After much deliberation between NBC and the SDS, the producer of the show agreed to the $1000 donation and The Chambers Brothers to the concert and the show went on.

The Chambers Brothers won the contest at Berkley, but, as karma would have it, in the finals held in Columbus Ohio, they were beat out by none other than Sly and the Family Stone.


It was a very interesting summer.

But, what I REALLY remembered about 1968 is that it was on Showcase ’68 that I first met and dated my beautiful future wife, Barbara.


In 1968, THAT was the date to remember.

And ... we lived happily ever after.

Stay tuned.

Thursday, January 03, 2008


As I write this, it is January 1, 2008. HAPPY NEW YEAR! My day started out no different than all the days of 2007. I got up, popped a pop-tart in the toaster, poured myself a cup of coffee, and sat down to read the Los Angeles Times front to back. I still check CNN on the computer to get up to date on what happened during the last few hours, but my newspaper is my main man, not only for the news, but the story behind the news. I couldn't start my day without it (It doesn’t matter if I spill my coffee on the paper).

Today I discovered three articles that I just had to mention. Though they were completely unrelated, each one had to be written with the same state of mind. They just HAD to.

Article #1 was actually an editorial titled, "How Cliché." The hope of the editorial, as explained by the writer, was to "perform a public service by calling attention to a few "cringe-worthy turns of phrase that have been cluttering up the language in recent years." It was very cleverly written and one of the many clichés listed jumped right out at me, "THE YouTube GENERATION." The writer is tired of this cliché and suggests it be changed to, "Young People." File that one away as we go to ...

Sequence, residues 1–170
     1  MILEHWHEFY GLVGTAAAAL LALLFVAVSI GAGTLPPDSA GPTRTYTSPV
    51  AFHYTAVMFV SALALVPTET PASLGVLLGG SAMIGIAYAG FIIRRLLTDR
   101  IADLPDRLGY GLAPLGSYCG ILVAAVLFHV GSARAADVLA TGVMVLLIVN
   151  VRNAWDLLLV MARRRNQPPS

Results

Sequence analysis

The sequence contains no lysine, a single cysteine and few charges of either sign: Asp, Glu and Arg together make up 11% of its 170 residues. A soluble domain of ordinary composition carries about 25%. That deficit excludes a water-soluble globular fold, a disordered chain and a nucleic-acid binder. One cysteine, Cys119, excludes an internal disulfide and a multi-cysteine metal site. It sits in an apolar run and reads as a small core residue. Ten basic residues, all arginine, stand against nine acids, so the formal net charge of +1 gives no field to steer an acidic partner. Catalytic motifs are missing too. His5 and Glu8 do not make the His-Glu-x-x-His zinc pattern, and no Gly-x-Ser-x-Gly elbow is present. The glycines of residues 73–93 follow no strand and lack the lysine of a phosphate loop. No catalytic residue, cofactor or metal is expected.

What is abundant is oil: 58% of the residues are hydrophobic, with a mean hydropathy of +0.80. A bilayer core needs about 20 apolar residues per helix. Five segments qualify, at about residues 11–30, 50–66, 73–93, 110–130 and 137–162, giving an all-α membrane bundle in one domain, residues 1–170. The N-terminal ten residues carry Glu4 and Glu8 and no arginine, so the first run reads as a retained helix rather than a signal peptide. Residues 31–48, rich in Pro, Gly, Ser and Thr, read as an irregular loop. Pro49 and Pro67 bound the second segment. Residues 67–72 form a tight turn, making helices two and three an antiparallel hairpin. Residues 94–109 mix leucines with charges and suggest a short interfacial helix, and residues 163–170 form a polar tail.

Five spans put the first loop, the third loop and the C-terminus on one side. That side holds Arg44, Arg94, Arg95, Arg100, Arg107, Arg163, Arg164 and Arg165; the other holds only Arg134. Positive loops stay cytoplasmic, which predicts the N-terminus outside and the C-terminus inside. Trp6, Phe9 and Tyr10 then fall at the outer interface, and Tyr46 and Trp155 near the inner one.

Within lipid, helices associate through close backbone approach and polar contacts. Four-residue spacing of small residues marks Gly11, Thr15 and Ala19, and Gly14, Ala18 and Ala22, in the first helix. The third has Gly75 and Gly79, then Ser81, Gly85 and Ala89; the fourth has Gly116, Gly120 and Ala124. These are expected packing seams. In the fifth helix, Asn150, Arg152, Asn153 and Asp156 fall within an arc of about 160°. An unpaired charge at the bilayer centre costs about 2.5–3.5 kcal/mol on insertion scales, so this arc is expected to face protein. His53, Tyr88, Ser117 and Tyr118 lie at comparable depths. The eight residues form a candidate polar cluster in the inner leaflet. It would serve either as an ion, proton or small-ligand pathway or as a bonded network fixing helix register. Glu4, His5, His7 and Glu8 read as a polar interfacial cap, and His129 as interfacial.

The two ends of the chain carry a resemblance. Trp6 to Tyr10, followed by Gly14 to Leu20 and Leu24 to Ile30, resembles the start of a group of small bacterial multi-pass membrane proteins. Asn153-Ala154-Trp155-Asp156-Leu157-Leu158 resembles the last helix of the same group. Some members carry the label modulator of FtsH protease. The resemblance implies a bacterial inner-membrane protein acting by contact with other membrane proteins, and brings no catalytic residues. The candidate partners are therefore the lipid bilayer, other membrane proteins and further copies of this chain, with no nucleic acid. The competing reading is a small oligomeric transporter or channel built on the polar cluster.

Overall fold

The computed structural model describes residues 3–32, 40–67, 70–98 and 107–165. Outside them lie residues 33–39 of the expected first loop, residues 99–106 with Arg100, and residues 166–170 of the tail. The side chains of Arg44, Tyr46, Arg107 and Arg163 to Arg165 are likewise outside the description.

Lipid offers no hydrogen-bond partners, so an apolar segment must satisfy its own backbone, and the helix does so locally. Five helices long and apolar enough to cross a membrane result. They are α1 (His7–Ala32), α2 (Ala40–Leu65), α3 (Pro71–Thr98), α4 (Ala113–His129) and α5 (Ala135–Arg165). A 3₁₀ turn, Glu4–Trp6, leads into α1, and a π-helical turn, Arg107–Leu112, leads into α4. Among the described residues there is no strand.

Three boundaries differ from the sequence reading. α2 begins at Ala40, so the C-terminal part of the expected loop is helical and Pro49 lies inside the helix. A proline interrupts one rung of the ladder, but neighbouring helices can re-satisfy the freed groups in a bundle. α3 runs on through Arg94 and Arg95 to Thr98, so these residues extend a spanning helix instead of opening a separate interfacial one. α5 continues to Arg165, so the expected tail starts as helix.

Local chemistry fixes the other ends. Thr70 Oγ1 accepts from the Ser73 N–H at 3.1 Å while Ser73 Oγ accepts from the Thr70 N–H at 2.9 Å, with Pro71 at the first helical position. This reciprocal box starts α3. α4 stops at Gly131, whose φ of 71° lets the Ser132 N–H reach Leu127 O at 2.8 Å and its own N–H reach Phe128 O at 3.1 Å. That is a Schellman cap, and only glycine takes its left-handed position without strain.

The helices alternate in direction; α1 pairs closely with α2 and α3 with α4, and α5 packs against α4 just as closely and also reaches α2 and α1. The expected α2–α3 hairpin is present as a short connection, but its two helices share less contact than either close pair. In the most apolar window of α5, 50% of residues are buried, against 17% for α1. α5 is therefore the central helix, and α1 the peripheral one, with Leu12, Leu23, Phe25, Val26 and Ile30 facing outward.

Article #2: In the same LA Times issue, there was the story, "The Reel Geezers," written by Patrick Goldstein.

The "Reel Geezers" are Marcia Nasatir and Lorenzo Semple, who have a popular movie revue show on YouTube.

Lorenzo was one of Hollywood's top screenwriters in the 1970s. He helped write movies for virtually every star of the day, notably Warren Beatty ("The Parallax View"), Robert Redford ("Three Days of the Condor"), Steve McQueen ("Papillon") and Paul Newman ("The Drowning Pool").

Marcia, is no slouch either. She was a longtime agent, pioneering woman production executive, and producer of such films as "The Big Chill" and "Hamburger Hill."

Now digest this: Lorenzo is 84 years old and Marcia is 81. So, what about the suggestion that the cliché, " YouTube Generation" be changed to "Young People?" If it's the exception that makes the rule, the "YouTube Generation" is not just "Young People" anymore.

Article #3 was about the pardoning and recent release of 77 year-old Sara Jane Moore. If you remember, Moore was given a life sentence in the 1975 attempted assassination of President Gerald R. Ford.

OK, here's the tie in between the presidential attempted assassination article, the Reel Geezers and the cliché, "YouTube Generation." James Hewitt, the now-retired federal public defender who handled Moore's case, said, "The public should not be alarmed by her release from prison. She is pretty close to becoming an old lady. She is probably too old to cause any damage."


A native of Charleston, W. Va., Moore was an on-again, off-again FBI informant who became enmeshed in radical politics after moving to the Bay Area. A peripheral player rather than a leader, she volunteered to help the Symbionese Liberation Army, the extreme leftist band that kidnapped newspaper heiress Patricia Hearst.


Put all three of these articles together and you have a very strong case to get rid of the most cringe-worthy cliché that has been really cluttering up the language in recent years …


I was never so proud the day President Ronald Reagan stood at the Berlin wall and proclaimed, "Ich bin ein Geezer."

Stay tuned.